David Lee Whitis, Defendant-appellant, v. United States of America, Plaintiff-appellee, 62 F.3d 1418 (6th Cir. 1995)Annotate this Case
Aug. 3, 1995
Before: MILBURN and NORRIS, Circuit Judges; and GRAHAM, District Judge*
MILBURN, Circuit Judge.
Defendant David Lee Whitis appeals his jury convictions of one count of armed carjacking resulting in serious bodily injury in violation of 18 U.S.C. § 2119, one count of possessing a firearm after having been convicted of a felony in violation of 18 U.S.C. § 922(g), one count of using and carrying a firearm in relation to a crime of violence in violation of 18 U.S.C. § 924(c), and one count of making a false statement in acquiring a firearm in violation of 18 U.S.C. § 922(a) (6). On appeal, the issues are (1) whether the evidence of serious bodily injury and possession of a firearm was sufficient to sustain defendant's convictions, and (2) whether the district court erred in allowing the introduction of evidence of defendant's alleged conviction of a prior crime under Federal Rule of Evidence ("Fed. R. Evid.") 404(b). For the reasons that follow, we affirm.
On March 5, 1994, Linda Martin, defendant's former live-in girlfriend, was driving her car toward the Circle H Saloon in Madison County, Kentucky. Martin looked in her rear-view mirror and saw that she was being followed by a car driven by defendant. Because Martin had earlier obtained an Emergency Protective Order against defendant, she drove to the local police station and reported the situation. The local police searched for defendant but did not locate him.
Martin left the local police station and drove to the Circle H Saloon. When she arrived at the Circle H Saloon, she parked in a poorly illuminated section of the parking lot and went into the bar. She spent several hours in the Circle H Saloon talking with an old acquaintance, William Tony Fowler. Sometime near midnight, Martin and Fowler decided to leave the Circle H Saloon and drive to a local restaurant for coffee. Because Martin wanted to stop at the home of a friend, she and Fowler left the parking lot of the Circle H Saloon in their separate vehicles.
A few minutes later, as Martin was driving her 1980 Chevrolet Malibu, she felt a bump against the back of her seat, turned and saw defendant rising up from the back seat of her car with a gun in his hand. Martin recognized the gun as a .22 caliber revolver, which she had purchased for defendant as a birthday present in early February. The gun had been purchased at a pawnshop.
Defendant ordered Martin to pull over to the side of the road. A struggle ensued during which defendant struck Martin on the head with the gun, causing a significant gash. One of Martin's fingers was also injured during the struggle.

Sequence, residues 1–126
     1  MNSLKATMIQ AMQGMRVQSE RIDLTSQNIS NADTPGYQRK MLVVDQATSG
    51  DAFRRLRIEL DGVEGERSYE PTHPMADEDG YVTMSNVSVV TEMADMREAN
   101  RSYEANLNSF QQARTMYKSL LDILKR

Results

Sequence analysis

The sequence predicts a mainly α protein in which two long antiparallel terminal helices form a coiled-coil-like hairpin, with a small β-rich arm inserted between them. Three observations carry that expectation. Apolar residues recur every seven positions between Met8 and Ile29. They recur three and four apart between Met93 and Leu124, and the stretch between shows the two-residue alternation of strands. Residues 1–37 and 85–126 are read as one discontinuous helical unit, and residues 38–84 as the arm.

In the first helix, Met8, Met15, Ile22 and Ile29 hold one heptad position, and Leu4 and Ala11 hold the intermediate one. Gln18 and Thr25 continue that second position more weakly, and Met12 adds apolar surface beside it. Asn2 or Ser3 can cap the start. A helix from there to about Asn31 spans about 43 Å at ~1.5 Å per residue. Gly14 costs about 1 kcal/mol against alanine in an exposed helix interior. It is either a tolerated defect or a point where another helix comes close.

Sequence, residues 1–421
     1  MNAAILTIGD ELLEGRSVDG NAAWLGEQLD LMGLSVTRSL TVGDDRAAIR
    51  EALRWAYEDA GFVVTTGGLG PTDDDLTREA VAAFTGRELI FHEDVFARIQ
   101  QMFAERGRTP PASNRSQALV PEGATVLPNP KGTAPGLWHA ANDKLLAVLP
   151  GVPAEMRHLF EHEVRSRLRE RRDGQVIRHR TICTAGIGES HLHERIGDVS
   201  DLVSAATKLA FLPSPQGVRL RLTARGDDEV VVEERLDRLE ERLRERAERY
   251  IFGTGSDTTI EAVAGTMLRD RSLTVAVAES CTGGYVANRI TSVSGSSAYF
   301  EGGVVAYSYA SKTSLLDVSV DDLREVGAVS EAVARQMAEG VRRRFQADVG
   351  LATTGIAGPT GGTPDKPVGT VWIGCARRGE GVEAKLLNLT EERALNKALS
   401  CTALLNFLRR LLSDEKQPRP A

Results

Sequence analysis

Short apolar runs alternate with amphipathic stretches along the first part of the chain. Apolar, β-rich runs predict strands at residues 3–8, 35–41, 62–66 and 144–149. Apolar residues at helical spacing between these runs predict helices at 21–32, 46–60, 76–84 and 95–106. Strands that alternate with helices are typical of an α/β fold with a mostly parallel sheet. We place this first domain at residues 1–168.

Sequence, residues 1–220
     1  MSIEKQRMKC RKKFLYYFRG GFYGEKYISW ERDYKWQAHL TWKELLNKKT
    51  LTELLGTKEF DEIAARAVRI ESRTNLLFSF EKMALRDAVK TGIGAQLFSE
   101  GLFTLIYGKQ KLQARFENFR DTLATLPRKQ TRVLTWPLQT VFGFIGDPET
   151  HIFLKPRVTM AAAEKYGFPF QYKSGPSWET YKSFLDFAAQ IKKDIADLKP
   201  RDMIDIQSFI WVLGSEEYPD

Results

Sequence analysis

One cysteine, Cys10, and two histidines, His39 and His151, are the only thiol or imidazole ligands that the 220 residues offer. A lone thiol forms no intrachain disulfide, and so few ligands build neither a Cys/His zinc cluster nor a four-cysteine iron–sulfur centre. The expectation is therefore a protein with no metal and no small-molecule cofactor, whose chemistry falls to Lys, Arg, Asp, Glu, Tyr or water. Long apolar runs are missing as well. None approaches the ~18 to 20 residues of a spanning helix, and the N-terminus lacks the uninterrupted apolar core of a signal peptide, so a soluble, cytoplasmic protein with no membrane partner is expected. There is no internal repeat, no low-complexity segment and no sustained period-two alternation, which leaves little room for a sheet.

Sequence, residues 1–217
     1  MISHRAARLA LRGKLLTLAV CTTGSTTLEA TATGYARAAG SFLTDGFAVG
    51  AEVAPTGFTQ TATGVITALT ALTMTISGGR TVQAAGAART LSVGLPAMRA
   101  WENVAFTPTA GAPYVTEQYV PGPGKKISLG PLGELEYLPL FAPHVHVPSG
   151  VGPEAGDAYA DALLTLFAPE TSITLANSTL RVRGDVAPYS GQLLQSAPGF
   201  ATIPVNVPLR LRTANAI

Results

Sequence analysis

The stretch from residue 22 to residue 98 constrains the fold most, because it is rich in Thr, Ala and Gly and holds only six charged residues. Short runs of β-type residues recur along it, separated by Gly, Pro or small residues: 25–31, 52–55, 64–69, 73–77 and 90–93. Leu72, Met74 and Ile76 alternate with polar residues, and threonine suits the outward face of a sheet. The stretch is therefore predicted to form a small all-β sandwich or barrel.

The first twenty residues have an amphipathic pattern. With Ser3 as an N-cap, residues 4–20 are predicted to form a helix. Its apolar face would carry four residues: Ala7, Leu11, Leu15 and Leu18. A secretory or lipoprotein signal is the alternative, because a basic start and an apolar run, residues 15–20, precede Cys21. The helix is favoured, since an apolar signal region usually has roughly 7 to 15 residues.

While Martin and defendant were struggling, William Fowler drove past the scene. He pulled over to the side of the road in front of Martin's car and got out of his car. At the time, Fowler did not see a gun; however, he observed a large man point directly at him and assume a stance, with both arms extended toward Fowler, as if he held a gun. Fowler was ordered to leave the scene, and Martin pleaded with him to leave because she believed defendant would shoot him. Fowler drove away from the scene, travelled several miles, and then turned around. When he returned to the scene of the struggle between Martin and defendant, her vehicle and both of its occupants were gone.
Fowler returned to the Circle H Saloon and telephoned the police. Based upon Fowler's description of the man he saw struggling with Martin and their knowledge of the history between Martin and defendant, the police began a manhunt for defendant.
Meanwhile, Martin was taken by defendant in her car to a vacant field somewhere in Clark County, Kentucky. Once there, defendant told Martin he was going to kill her and then himself. Believing that her only chance for survival was to pacify defendant, by convicing him that she still cared for him and wanted to resume their relationship, Martin agree to have sex with defendant.
Defendant drove Martin's car to a local motel, the Red Carpet Inn in Winchester, Kentucky, where he rented a room. Martin continued her charade, and she and defendant had sexual intercourse at least once, and possibly twice, that night. Defendant also told Martin that if she informed the police about the events of that night, he would hurt her four children.
The next morning, defendant wanted to go to a flea market. Martin agreed, but told defendant that she wanted to go home and clean up because she had dried blood on her from the gash on her head. Defendant agreed, and the two drove back to the Circle H Saloon where defendant's car was parked. They then drove their cars to Martin's residence.
Martin entered her residence alone and locked the door behind her. Being concerned that defendant might carry out his threats to harm her children, Martin immediately telephoned the home of her former mother-in-law, where her two sons were staying, and told her to keep the children in the home and lock the door. She also telephoned one of her two daughters and told her to lock her door. Martin then telephoned the police and reported the incident. The police arrived and transported Martin to a hospital where she received treatment consisting of approximately four stitches for the gash in her head and care for a suspected broken finger.